While, as with any sort of folklore, the details may vary, this particular tale (Bloody Mary) encouraged young women to walk up a flight of stairs backwards, holding a candle and a hand mirror, in a darkened house. As they gazed into the mirror, they were supposed to be able to catch a view of their future husband's face. There was, however, a chance that they would see the skull-face of the Grim Reaper instead; this meant that they were destined to die before they married.
In the fairytale of Snow White, the jealous queen consults a magic mirror, which she asks "Magic mirror on the wall / Who is the fairest of them all?", to which the mirror always replies "You, my queen, are fairest of all." But when Snow White reaches the age of seven, she becomes as beautiful as the day, and when the queen asks her mirror, it responds: "Queen, you are full fair, 'tis true, but Snow White is fairer than you."
Scrying is not supported by science as a method of predicting the future. Some critics consider it to be a pseudoscience. Skeptics consider scrying to be the result of delusion or wishful thinking.
A 2010 paper in the journal Perception identified one specific method of reliably reproducing a scrying illusion in a mirror and hypothesized that it "might be caused by low level fluctuations in the stability of edges, shading and outlines affecting the perceived definition of the face, which gets over-interpreted as ‘someone else’ by the face recognition system."
- The Dr. John Dee of the Mind research institute, founded by the parapsychologist Raymond Moody, utilizes crystallomancy to allow people to experience an altered state of consciousness with the intention of invoking apparitions of the dead.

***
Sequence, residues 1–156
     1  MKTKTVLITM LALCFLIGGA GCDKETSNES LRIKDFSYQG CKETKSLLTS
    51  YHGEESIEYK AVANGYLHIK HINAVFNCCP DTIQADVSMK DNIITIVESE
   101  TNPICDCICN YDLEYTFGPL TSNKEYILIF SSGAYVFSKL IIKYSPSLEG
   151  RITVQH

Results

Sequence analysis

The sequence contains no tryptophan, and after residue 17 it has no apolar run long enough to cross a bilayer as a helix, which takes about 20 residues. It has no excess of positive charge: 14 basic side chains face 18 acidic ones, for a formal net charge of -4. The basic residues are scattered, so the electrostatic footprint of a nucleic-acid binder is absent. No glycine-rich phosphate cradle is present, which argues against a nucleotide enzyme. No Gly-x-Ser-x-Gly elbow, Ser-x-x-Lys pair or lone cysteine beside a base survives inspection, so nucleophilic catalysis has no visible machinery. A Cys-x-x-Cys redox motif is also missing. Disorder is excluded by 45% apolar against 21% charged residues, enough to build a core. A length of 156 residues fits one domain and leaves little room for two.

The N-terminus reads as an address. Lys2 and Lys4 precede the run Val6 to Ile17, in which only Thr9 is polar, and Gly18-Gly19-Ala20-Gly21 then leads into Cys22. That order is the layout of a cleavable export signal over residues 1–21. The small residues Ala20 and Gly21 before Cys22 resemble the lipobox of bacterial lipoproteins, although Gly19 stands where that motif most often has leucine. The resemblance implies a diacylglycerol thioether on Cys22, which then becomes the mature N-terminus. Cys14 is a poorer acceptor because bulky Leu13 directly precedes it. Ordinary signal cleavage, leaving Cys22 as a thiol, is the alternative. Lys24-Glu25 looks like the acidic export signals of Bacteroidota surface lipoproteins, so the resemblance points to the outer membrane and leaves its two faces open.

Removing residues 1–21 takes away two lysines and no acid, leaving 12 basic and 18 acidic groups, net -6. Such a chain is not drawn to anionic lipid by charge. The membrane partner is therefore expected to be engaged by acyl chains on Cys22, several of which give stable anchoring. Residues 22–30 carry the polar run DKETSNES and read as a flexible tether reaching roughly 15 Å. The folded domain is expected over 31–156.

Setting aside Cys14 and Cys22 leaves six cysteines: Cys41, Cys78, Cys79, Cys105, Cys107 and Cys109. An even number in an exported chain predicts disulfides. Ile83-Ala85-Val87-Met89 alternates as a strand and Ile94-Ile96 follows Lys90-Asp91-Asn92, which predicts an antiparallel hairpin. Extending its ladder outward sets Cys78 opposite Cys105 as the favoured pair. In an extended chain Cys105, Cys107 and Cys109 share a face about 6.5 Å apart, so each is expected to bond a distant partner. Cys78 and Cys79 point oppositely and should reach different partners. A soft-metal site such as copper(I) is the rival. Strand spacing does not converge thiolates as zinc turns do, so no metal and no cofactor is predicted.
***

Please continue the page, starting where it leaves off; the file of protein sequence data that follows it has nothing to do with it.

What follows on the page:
- Contemporary mass media, such as films, often depict scrying using a crystal ball, stereotypically used by an old gypsy woman.
- In J. R. R. Tolkien's fictional universe of Middle-earth (especially in The Lord of the Rings), the Palantír is a stone that allows a viewer to see what any other Palantír sees, and the Mirror of Galadriel is used as a scrying device to see visions of the past, present, or future.
- The British astrologer and psychic known as Mystic Meg, who came to national attention as part of the UK's National Lottery draw in 1994, was often portrayed with a crystal ball.
- In the videogame Clive Barker's Undying, Patrick Galloway (the player) is shown in possession of a green crystal, The Gel'ziabar Stone, which allows him to scrye visions and sounds from the past, that are vital to the various missions.
- In Christopher Paolini's Inheritance Cycle the use of a mirror to view people and places the viewer knew in the present was possible with the drawback of not being able to see anything to which they had no knowledge. The attempt to scry the future would cost the user their life.
- In the US television series Charmed, the sisters scry with a crystal and a map to locate people.
- Traditional healers from the Yucatán Peninsula and Guatemala use stone crystal balls for scrying. These are known as sastun or zaztun. Originally, they were Mayan antiquities that they used to collect in archaeological ruins. Nowadays they are mostly modern objects. It is unknown what was the original use of the jade balls found in ancient Mayan burials.
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- De Camp, Lyon Sprague. (1980). The Ragged Edge of Science. Owlswick Press. p. 101. ISBN 0-913896-06-3 "The term "scrying" better describes this pseudo-science, because genuine crystal is not necessary. Glass, or any shiny object, will do as well. Scrying has been practiced with mirrors, jewels, little pools of water or ink, and (in medieval Europe) with polished sword blades."
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- Aleister Crowley, Adrian Axwirthy. (2001). A Symbolic Representation of the Universe: Derived by Doctor John Dee Through the Scrying of Sir Edward Kelly. Holmes Publishing Group.